Business 15/06/2022

€926m: the cost of finishing metro line 9

Tunnel boring machine resumes work with the aim of running trains from 2027 onwards

2 min
Works on Line 9

BarcelonaIt is the longest metro line in Europe and possibly the one that will take the longest time to finish. Line 9 of the Barcelona metro is currently in operation at both ends, but not in its central section, which is its main purpose. Now the works have just been resumed and the tunnel boring machine is working on the section between Zona Universitaria and Lesseps stations.

To finish the line, the Generalitat foresees an investment of €926m. Thus, the total cost of this metro line, marked by a delay in its construction of over 14 years and a deviation in the estimated cost of €5bn –according to the report made by the Comptroller– will require a total investment of €5.9bn. That is to say, 10% of all the resources invested in the line still have to be allocated.

However, the financing system has changed. The previous sections of line 9 were built under concession, i.e., private companies built and operate the line and charge the government a fee, while the rest of the line will be financed by the Generalitat's budget.

The plan is that the tunnel boring machine will advance at a speed of 200 meters per month, at depths of between 35 and 70 metres below the city in a terrain mostly made up of granite, but also with sections of slate, to finish the remaining sections of the tunnel by the end of 2024. From then on, it will be necessary to lay the slab that divides the tunnel, 12 metres in diameter, into two floors so that trains can run in both directions, lay the tracks and put in any additions. The forecast is that by 2027 the new stations will start opening.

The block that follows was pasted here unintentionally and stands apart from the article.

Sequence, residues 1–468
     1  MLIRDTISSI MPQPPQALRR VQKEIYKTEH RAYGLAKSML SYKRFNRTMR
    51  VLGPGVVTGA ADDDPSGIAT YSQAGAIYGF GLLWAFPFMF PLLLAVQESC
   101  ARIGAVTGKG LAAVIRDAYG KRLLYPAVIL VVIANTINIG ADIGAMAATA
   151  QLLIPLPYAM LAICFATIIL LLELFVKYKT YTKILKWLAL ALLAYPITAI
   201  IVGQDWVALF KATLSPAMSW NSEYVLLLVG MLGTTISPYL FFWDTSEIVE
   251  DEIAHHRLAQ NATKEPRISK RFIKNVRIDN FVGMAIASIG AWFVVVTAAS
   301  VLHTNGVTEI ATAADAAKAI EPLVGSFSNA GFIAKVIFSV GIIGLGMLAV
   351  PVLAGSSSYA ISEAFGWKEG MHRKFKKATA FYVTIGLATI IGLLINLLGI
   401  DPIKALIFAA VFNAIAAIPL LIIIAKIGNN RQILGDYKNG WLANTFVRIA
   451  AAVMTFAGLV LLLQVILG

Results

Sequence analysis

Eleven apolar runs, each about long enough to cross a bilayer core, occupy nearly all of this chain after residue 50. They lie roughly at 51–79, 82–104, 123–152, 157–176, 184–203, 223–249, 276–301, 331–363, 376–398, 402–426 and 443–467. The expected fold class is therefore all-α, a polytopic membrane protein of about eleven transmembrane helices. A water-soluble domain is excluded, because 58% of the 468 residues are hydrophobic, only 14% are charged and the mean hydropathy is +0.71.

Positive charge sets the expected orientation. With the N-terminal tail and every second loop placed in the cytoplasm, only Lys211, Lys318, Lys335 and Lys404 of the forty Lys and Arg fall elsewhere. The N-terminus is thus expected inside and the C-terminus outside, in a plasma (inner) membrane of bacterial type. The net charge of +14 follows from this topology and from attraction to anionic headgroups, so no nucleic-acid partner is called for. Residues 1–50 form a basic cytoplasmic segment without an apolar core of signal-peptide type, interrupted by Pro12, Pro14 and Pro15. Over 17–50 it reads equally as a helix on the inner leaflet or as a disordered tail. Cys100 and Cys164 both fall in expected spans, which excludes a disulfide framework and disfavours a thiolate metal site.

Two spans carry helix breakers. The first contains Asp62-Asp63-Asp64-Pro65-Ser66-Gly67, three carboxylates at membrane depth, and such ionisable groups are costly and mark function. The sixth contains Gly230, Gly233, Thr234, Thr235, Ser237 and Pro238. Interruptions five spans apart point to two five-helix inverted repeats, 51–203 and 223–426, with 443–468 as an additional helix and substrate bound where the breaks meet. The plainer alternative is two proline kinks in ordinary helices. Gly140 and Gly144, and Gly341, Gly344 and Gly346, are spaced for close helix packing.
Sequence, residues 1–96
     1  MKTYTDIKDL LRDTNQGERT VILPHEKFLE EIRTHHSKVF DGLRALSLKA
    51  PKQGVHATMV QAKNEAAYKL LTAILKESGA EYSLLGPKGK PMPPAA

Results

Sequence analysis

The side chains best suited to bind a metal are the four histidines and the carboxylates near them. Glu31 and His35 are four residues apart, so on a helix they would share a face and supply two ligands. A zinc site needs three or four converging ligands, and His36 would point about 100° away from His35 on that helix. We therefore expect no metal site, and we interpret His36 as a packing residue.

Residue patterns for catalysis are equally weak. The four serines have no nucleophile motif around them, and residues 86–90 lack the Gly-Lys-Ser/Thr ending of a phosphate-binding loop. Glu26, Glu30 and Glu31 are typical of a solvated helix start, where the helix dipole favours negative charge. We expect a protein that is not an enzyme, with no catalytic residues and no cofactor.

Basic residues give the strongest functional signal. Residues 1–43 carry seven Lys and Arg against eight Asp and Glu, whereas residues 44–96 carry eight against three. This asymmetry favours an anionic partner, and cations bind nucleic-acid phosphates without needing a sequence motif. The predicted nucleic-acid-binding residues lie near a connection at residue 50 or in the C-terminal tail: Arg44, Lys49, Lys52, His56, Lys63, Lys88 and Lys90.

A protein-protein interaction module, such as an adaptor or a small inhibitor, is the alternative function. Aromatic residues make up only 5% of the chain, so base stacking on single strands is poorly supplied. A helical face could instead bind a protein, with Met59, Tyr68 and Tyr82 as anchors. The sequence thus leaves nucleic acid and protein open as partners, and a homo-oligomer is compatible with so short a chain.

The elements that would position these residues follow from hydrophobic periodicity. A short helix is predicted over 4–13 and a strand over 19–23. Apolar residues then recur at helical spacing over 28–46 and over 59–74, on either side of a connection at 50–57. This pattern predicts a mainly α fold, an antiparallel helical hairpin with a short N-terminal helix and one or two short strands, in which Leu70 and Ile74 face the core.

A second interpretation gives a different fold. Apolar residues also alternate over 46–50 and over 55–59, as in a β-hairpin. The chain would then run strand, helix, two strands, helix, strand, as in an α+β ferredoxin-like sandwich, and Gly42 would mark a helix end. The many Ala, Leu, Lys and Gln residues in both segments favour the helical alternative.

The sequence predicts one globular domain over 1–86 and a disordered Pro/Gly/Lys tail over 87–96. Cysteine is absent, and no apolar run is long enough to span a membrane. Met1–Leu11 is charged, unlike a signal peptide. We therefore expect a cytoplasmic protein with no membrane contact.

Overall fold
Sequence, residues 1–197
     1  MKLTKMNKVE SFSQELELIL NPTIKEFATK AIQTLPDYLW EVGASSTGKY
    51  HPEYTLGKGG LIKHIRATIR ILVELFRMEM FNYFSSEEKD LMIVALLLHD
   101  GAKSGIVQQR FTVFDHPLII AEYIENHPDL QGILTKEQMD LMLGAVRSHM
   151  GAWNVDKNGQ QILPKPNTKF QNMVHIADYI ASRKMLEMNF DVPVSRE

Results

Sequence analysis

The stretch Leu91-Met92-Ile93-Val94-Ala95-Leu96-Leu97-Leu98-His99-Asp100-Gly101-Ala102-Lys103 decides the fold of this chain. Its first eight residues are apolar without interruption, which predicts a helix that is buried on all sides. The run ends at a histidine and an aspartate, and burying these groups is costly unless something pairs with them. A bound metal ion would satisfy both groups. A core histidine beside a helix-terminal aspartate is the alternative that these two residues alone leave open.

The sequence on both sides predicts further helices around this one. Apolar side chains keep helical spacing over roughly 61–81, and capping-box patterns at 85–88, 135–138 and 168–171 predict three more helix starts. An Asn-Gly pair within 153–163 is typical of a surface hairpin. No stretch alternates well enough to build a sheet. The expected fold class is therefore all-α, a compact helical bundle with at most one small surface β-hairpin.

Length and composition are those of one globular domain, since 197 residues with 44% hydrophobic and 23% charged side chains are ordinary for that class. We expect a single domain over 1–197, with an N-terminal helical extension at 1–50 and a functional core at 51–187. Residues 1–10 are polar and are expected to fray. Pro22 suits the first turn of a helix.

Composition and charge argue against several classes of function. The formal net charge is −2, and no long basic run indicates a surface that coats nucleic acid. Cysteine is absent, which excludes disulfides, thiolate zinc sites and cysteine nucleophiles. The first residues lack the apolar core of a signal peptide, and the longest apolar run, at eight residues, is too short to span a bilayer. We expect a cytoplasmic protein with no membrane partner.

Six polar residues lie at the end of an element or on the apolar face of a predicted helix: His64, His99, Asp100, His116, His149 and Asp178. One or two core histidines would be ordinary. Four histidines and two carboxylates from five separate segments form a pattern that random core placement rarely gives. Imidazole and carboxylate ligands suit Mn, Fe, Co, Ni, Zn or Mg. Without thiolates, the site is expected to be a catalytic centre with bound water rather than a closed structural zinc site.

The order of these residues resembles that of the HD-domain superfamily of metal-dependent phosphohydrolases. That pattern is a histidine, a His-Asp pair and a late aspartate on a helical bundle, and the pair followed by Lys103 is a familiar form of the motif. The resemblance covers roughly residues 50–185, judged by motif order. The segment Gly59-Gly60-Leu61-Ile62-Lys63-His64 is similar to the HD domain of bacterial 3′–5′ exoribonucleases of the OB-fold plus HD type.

It will be then that some of the new stations will come into operation progressively and, once tests have been carried out, trains will start to run along the entire length of the line, from Santa Coloma de Gramenet to El Prat airport, a total journey which, at a commercial speed of 34 kilometres per hour, the highest in the Barcelona metro network because it is fully automated, would take just over an hour.

10 years of stoppage

Despite the fact that works were at a standstill, during all this time expenses have been incurred which have been included in the total cost. Thus, the maintenance of the tunnel boring machine that has now resumed work cost some €7.5m over the last decade, when it was not being used.

Of the section that remains to be put into service, between Sagrera and Zona Universitaria, part of the tunnel has already been excavated. In fact, there is already a tunnel between Sagrera and Lesseps, which was made by another tunnel boring machine which is now inside the tunnel, and which will be dismantled and extracted through the Guinardó shaft. The tunnel boring machine that was advancing from the other end, and which is now at around Passeig Manuel Girona and Marquès de Mulhacén, is the one that will advance to finish the whole tunnel.